“Church geek” is a label the Rev. Landon Whitsitt says he wears proudly.
And so, when the self-proclaimed “former fundamentalist Baptist turned born-again Presbyterian” and author of the newly published Open Source Church told the annual Moderators’ Conference here Nov. 18 that the Presbyterian Church (U.S.A.) needs to find “new metaphors, new ways of talking about what we’re doing as church,” the gathering of 150 presbytery and synod leaders was ready to listen.
What they probably weren’t ready for was the metaphor Whitsitt ― vice-moderator of the 219th General Assembly and newly elected executive for the Synod of Mid-America ― tossed at them: the online encyclopedia Wikipedia.
“The five ‘pillars’ of Wikipedia are very Presbyterian,” Whitsitt said. “They embody the way God and the new [PC(USA)] Form of Government have told us to behave. The PC(USA) is an ‘open source’ system ― we just need to start acting like it.”
“Open source” comes from computer software programming, Whitsittt explained. Every program has a “source code” that is either open (adaptable, amendable, flexible) or closed (hard-and-fast, fixed, unchangeable.)
Churches, Whitsitt argued, can be the same way: “They can be open and welcoming, creative and give off the sense that everyone has a sense of ownership; or they can be fairly closed, relying on old saws like ‘We’ve never done it that way before’ or ‘We don’t do it that way here’ or ‘That’s not where the table goes,’” he said.
Wikipedia is the ultimate (at least so far) open source system, Whitsitt said, and its “five pillars” reflect that:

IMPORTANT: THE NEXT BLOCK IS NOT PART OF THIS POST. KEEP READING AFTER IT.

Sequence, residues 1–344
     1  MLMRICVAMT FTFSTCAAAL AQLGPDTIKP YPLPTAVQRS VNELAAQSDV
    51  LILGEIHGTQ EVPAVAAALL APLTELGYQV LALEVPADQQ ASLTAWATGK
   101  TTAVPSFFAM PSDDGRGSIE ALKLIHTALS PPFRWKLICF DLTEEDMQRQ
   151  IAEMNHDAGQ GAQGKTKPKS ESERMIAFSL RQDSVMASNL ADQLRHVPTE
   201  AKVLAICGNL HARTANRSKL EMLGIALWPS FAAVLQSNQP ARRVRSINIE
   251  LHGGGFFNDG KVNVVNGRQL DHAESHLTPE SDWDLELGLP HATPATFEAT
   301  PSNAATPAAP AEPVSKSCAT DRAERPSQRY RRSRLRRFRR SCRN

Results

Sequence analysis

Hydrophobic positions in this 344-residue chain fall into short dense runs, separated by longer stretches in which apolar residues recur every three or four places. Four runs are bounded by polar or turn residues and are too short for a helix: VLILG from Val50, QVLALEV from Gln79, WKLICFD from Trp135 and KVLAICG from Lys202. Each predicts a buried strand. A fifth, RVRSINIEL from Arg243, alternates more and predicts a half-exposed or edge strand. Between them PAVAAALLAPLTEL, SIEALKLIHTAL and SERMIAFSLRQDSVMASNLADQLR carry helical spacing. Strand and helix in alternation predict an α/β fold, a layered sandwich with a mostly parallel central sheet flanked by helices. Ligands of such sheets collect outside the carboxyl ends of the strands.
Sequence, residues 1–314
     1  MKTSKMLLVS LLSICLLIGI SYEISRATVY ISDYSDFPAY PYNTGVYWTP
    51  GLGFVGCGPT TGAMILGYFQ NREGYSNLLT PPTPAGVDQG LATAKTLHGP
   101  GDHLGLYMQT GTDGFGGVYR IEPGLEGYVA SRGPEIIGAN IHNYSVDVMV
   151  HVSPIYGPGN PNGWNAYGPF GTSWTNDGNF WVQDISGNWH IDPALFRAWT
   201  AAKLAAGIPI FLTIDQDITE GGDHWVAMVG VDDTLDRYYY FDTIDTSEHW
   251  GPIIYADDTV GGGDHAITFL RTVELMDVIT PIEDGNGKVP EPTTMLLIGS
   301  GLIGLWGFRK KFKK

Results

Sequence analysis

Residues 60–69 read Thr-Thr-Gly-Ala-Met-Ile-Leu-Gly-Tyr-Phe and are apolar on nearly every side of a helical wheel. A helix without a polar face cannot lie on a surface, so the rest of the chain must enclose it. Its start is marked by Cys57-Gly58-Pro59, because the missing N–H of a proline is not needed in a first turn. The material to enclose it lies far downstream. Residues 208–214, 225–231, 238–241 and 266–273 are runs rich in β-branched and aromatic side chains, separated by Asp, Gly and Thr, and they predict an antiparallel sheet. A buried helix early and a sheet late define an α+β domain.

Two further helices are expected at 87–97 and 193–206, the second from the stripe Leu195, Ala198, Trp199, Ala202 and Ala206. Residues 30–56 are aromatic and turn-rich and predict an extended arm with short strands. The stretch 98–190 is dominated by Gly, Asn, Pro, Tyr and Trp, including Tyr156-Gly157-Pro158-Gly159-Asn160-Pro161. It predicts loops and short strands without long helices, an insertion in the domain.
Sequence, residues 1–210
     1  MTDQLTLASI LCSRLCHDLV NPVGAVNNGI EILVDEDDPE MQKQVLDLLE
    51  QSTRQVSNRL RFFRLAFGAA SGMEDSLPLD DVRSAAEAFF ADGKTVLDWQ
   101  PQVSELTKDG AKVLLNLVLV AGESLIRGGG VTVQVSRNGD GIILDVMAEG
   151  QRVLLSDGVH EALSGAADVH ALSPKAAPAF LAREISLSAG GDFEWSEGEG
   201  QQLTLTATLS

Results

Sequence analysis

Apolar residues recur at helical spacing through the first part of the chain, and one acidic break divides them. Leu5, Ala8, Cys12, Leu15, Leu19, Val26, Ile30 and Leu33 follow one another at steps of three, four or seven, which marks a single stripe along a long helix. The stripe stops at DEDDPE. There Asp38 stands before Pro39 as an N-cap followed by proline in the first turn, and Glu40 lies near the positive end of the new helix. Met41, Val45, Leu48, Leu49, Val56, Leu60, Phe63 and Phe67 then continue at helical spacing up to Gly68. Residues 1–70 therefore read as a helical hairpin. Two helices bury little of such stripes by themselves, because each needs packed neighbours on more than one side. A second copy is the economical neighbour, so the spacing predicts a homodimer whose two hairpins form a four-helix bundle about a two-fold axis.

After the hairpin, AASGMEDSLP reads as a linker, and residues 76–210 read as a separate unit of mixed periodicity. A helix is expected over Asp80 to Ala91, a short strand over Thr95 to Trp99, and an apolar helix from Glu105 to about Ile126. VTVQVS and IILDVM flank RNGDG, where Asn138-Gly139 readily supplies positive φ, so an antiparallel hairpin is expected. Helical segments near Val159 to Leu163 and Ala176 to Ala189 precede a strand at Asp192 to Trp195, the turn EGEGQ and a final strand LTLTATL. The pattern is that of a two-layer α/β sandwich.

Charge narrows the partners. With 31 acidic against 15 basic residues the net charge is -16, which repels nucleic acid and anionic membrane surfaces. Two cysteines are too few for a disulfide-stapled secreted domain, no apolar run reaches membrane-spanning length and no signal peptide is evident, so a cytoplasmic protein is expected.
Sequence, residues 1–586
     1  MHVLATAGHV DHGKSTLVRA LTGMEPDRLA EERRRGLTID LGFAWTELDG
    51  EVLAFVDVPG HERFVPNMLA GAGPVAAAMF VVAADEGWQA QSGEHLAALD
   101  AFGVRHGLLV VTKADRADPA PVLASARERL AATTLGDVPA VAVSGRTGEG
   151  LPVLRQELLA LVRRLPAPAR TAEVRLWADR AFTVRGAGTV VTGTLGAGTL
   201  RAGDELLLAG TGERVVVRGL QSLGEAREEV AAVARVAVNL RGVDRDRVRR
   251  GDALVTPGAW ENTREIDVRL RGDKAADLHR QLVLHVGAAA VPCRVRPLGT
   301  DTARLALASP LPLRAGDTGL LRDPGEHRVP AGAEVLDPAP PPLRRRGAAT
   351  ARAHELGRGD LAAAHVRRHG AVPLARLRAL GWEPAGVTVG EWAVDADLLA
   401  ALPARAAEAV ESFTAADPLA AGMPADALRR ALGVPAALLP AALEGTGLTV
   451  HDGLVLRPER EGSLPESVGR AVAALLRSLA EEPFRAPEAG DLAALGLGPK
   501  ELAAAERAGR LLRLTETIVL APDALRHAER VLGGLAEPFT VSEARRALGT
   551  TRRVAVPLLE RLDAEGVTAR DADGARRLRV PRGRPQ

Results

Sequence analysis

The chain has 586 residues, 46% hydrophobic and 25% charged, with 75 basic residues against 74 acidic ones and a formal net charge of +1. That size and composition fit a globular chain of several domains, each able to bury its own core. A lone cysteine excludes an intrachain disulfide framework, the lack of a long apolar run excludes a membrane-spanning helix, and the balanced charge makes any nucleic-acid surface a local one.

- Wikipedia is an online encyclopedia, period ― “It’s not a dictionary, not a soapbox, not advertising for anything,” Whitsitt said. “It has a narrow purpose widely executed and the PC(USA) is the same ― our purpose is the six Great Ends of the Church and we live them out in our congregations and all around the world.”
- Wikipedia has a neutral point of view ― “I know this is the hardest pillar for Presbyterians to grasp,” Whitsitt said, “but Wikipedia focuses on verifiability, not ‘truth,’ which is often simply someone’s opinion about something. Some things, like gravity, are as true as we can know but there are very few things in the Christian life that are verifiably true ― only that Jesus Christ is Lord and Savior.”
- Wikipedia is free content ― “Neither Wikipedia nor the PC(USA) is a free-for-all or anarchistic,” Whitsitt said, “but no one editor owns the content, so all contribute to the collected wisdom of the community. Why should a Wikipedia contributor stay in a church where he or she is told what to think? That’s part of why I’m a Presbyterian.”
- Wikipedia operates in a civil and respectful manner ― “Respect and be polite even when you disagree, avoid edit wars, never engage in personal attacks, act in good faith and assume it of others” are the Wikipedia rules, Whitsitt said. “Wiki says, ‘We have millions of pages that need working on ― there’s too much to do to be arguing about petty things or attacking each other.’ How is the church any different than that?”
- Wikipedia does not have firm rules ― “Wikipedia tells contributors ‘Be bold and don’t worry about making mistakes. Previous versions are still there and together we can fix whatever’s wrong ― we’re just trying to make it work better,’” Whitsitt said. “What are we afraid of in the church? Our ground is in Jesus Christ, who is love, forgiveness and redemption. Sin boldly! It’s our relationships, not our rules, that will make us trust each other.”
That question of trust is absolutely crucial for the conflicted PC(USA), Whitsitt said. “What some call divided, I call balanced,” he said. “There is truth, but I don’t know it and no one else does, either.
“But God does,” Whitsitt said. “Do we really trust the sovereignty of God?”